>> as long as you specify both a loop, a base point and a coordinate frame
    >> at the base point. You also need to be careful defining the "ordinary"
    >> velocity. A reference frame is not enough. You need a reference frame at
    >> a some chosen point, *and* a path from that point to the particle.

    >
    > By specifying a path and a loop, do you mean homotopy classes of these
    > things?


    Yes.

    >> An *arbitrary* spacelike surface can have curvature anywhere, not just
    >> at the particles.

    >
    > Good point! Your comment made me think of the hyperbolic plane, and the
    > opportunity it gives for the sums of angles in triangles to be less than
    > 2pi.
    >
    > I'm not sure if the following construction is the kind of thing you had
    > in mind ...


    I didn't really have any construction in mind. With one exception, I am
    not convinced that it *is* possible to have a (connected) manifold with
    total deficits > 2Pi. I had just noticed that my proof that there aren't
    had a hole in it.

    The one exception is a big bang with a total deficit of *exactly* 4Pi.

    Consider a polyhedron inscribed in a sphere of radius 1, centered at the
    origin. Let the surface of the polyhedron inherit the metric from R^3
    (which will be flat except at the vertexes).

    For any point p other than the origin, let p_1 be the intersection of
    the polyhedron with the ray from the origin through p. Let t(p) = |p|/|p_1|.

    The metric (on R^3-O) ds^2 = -dt(p)^2 + dp_1^2 is flat except at the
    rays from the origin through the vertexes, and any timelike surface has
    total deficit 4Pi.

    Any loop divides the surface into two parts, either of which can be
    viewed as "inside". The holonomy around the loop can only have one
    value, and should be the sum of the deficits of the points it encloses.
    This only works if holonomy is modulo 2Pi.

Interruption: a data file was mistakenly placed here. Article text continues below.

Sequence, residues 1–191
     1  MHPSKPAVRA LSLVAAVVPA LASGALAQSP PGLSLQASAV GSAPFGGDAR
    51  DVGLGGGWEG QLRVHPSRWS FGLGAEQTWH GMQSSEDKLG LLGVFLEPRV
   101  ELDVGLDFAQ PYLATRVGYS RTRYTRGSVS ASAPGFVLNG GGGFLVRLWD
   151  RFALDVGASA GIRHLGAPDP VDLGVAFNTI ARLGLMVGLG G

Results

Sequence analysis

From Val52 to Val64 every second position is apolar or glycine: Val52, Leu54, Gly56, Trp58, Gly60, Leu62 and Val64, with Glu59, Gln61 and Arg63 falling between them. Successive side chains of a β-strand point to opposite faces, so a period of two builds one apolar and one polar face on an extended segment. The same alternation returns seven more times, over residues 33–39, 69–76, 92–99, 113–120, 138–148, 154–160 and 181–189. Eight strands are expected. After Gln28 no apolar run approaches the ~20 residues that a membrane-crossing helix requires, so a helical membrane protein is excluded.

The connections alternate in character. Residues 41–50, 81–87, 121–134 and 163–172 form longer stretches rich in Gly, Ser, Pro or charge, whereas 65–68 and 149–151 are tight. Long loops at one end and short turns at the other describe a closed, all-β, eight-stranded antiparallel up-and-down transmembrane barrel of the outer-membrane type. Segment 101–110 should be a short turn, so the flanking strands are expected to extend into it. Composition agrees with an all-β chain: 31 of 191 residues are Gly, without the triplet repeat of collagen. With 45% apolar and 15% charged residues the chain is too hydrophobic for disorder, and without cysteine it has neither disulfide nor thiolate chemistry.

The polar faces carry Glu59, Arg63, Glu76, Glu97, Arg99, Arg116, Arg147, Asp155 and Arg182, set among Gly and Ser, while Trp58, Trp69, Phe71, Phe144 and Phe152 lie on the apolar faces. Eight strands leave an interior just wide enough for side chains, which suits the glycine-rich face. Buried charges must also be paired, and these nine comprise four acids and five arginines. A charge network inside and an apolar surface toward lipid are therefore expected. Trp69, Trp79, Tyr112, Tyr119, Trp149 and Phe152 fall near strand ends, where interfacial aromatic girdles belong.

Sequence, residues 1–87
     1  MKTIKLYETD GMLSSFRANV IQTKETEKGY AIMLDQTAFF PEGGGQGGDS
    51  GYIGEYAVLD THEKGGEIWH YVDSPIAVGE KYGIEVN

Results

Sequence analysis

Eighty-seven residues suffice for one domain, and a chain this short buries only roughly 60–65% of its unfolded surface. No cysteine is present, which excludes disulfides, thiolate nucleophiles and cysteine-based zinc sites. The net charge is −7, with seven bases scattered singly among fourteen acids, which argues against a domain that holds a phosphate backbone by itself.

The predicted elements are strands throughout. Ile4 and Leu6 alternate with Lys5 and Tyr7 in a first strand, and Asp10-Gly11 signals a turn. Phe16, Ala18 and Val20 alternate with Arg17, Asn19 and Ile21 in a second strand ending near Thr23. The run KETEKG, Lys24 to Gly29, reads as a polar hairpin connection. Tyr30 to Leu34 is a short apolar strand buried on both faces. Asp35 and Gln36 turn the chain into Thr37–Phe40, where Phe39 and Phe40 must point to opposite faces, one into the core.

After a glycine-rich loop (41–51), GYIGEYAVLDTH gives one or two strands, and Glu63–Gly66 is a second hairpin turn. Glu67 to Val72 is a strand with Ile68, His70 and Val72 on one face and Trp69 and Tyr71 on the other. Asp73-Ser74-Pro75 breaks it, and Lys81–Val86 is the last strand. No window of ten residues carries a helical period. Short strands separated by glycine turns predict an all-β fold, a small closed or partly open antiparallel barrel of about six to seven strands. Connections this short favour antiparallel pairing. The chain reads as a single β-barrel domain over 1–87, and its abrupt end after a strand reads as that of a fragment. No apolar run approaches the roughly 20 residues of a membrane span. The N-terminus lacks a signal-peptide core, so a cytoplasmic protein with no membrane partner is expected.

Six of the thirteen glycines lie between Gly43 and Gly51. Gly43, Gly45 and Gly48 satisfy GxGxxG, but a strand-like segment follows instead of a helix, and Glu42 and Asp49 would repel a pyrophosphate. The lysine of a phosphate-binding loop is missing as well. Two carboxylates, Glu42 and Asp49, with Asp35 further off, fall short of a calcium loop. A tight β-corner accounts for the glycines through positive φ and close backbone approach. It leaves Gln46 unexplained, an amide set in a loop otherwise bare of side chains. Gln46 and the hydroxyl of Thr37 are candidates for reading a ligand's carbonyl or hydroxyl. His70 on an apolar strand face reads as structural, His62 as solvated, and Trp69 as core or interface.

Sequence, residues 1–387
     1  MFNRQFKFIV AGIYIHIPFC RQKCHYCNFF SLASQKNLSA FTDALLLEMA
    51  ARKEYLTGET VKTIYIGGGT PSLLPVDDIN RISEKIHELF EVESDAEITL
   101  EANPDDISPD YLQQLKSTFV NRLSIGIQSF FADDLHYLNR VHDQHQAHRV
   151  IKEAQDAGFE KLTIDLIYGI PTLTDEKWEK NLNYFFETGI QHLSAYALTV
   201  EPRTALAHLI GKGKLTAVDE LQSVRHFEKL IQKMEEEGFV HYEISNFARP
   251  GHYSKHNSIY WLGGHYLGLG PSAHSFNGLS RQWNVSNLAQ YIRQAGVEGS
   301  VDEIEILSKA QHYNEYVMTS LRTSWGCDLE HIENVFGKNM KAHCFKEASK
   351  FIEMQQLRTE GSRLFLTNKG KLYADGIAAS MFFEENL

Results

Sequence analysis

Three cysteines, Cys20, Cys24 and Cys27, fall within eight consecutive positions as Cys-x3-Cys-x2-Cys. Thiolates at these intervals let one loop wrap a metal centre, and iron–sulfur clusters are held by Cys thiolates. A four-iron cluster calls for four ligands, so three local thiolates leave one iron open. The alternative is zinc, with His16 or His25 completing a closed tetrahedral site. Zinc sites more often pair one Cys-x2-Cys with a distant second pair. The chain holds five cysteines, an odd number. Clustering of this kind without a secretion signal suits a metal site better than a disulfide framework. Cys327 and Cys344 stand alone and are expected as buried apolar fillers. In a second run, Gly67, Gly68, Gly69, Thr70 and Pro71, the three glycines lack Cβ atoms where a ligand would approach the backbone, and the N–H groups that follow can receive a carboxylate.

This solution is static, but there should be dynamic variants as well.
    They shouldn't be too complicated in principle, but I would have to
    abandon pencil and paper and start programing to figure them out (which
    I don't have time to do).

    I would also have to do a great deal more reading than I have so far.

    > We can turn this pair of curves into a pair of surfaces meeting in a cusp
    > along the world line by linearly rescaling everything by a factor lambda
    > over some range of positive values.


    I'm afraid you lost me about there.

    > The same rotation around the world
    > line will take one surface into the other, and although the angular
    > deficit will be greater than pi the excised wedge will never encroach
    > into the region x<=0. (We have to stick to +ve lambda, so we can't
    > extend things back into the indefinite past, though it might be possible
    > to get around that with some further tricks.)


    It is possible that you have a piece of the solution I outlined above.

    > I can't see how to extend this solution to infinite -ve time, but why not
    > make a virtue out of necessity and consider a family of Big Bang style
    > solutions which start from a singularity?


    I'm not sure if what you describe is the same as mine.

    > If we pick an origin in Minkowski spacetime, we can take the topological
    > interior of the forward light cone of the origin and declare that this
    > set, minus some wedges excluded along particle world lines, will be our
    > entire solution.


    It looks like your construction has a boundary, other than the origin.
    If so, then it can't be the same as my big bang, but it could be a piece
    of it (e.g. with a hole cut out).

    Ralph Hartley